A lingering chemical raw materials shortage triggered by Hurricane Harvey has the potential to temporarily halt production at some of Louisiana’s chemical plants if it lasts long enough, experts said Friday, while another downplayed the likelihood.
A Friday report from financial services firm IHS Markit shows more than 50 percent of the country’s ethylene production is offline and that it could be weeks before those plants return to pre-Harvey production levels. Financial consultants Jefferies predicts November.
“The risk they face is that Louisiana doesn’t produce very much in the way of those natural gas liquids so it all comes from points west via pipeline,” said Eric Smith, associate director of Tulane University’s Energy Institute.
If the pipelines or the natural gas processing plants are disrupted, Louisiana’s chemical plants could take a hit, Smith said. Right now, the chemical plants in Lake Charles and along the Mississippi River are probably running on existing inventory.
At some point that supply will run out; the hope is the plants in Texas get back online soon enough to prevent that, Smith said.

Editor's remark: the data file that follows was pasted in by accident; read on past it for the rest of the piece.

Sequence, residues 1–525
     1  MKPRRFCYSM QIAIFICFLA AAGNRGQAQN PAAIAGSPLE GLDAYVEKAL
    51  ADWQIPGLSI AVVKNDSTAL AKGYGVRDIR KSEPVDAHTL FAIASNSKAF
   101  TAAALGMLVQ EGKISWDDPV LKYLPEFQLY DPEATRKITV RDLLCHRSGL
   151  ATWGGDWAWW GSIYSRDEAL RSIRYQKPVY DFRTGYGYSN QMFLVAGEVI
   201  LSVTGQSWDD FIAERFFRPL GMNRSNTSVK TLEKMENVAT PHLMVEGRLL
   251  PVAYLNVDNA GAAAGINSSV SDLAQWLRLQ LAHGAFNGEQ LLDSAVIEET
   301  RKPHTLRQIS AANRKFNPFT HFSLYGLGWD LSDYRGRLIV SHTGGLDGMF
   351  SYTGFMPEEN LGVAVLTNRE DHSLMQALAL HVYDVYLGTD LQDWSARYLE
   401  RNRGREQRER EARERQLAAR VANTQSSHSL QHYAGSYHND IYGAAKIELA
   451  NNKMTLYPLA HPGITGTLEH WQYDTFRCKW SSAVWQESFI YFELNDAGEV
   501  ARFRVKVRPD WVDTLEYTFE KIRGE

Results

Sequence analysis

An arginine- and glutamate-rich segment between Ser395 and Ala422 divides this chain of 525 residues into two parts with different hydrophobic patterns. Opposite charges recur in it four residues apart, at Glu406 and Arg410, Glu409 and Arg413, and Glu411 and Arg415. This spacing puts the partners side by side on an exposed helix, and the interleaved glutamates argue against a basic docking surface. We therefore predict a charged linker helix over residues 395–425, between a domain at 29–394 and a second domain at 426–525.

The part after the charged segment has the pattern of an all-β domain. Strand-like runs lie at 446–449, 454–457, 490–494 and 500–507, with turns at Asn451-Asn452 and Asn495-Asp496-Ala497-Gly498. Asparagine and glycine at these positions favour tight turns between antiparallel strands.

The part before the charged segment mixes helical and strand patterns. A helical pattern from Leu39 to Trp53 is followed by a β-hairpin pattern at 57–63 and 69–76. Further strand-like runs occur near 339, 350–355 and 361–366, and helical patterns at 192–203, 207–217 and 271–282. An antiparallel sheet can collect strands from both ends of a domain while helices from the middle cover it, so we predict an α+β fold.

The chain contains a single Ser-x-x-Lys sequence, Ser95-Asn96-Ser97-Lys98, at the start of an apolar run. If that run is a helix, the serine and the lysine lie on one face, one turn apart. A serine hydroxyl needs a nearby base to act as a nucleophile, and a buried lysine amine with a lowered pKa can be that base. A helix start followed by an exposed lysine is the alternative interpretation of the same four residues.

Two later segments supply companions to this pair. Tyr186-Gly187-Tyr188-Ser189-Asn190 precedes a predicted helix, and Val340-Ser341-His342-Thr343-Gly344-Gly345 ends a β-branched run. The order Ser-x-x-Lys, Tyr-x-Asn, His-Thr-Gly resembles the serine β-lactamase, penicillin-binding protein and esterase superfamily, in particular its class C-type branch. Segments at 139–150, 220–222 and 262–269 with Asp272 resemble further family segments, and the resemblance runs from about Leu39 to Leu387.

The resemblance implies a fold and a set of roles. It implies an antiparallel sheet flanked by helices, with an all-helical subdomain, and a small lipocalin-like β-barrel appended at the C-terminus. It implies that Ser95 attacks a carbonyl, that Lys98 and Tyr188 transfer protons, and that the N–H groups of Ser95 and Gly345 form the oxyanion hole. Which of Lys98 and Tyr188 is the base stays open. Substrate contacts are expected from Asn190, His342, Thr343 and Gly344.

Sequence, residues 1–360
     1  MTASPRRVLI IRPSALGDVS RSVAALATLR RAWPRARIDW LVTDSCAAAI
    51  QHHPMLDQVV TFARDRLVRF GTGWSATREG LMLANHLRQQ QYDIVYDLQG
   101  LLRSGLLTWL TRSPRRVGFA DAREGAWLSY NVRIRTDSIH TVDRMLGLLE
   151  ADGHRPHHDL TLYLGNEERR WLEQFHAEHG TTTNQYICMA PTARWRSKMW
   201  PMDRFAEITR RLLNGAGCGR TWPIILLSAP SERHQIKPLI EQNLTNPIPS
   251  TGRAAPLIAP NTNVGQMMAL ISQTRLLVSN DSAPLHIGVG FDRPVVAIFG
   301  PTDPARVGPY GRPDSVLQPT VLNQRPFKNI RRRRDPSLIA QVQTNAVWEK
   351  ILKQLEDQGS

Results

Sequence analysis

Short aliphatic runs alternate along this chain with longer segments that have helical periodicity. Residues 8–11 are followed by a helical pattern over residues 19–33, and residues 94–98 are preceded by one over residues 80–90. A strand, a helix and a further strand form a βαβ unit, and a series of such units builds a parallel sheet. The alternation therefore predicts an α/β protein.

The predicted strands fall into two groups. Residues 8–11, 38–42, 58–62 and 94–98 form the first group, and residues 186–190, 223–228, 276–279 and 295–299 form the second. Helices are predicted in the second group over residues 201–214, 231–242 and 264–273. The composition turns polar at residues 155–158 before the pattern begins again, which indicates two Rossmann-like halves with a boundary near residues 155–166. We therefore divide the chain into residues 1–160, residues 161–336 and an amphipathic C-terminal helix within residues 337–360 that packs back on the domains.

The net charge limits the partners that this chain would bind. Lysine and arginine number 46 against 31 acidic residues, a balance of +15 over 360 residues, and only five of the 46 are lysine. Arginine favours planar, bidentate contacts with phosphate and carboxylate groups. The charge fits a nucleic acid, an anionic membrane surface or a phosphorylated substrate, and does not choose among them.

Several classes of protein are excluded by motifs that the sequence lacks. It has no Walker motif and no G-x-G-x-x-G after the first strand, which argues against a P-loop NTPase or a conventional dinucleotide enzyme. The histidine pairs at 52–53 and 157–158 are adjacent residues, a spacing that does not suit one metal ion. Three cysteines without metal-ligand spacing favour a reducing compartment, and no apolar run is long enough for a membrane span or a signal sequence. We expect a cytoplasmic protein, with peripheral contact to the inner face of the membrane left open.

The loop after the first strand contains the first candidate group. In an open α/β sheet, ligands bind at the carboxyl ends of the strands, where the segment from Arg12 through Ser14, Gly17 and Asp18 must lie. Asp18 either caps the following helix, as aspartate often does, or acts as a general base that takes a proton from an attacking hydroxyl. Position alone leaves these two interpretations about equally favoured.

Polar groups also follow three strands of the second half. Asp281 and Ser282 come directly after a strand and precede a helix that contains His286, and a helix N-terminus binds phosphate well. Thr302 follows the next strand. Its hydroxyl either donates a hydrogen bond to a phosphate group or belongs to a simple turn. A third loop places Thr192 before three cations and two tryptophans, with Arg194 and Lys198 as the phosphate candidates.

David Dismukes, executive director of the LSU Center for Energy Studies, said short-run disruptions are to be expected because the hurricane jammed up the entire supply chain.
The refineries and industrial plants were the one part of the economy that seemed to know what they were doing when it came to the hurricanes, he said. While major issues with housing and rebuilding dragged on for months and even years, restarting the plants and reorienting the supply chain happened quickly.
“There are some days of supply there so that they can probably manage for a while. How long exactly is not 100 percent clear,” Lewandowski said.
Normally, plants keep 10 days of inventory on hand. Smaller plants may store less, while larger facilities may keep more, Lewandowski said. There are other sources of natural gas liquids, such as pipelines from Dow and Shell, that could help. In order for that to happen, the Houston plants have to come online.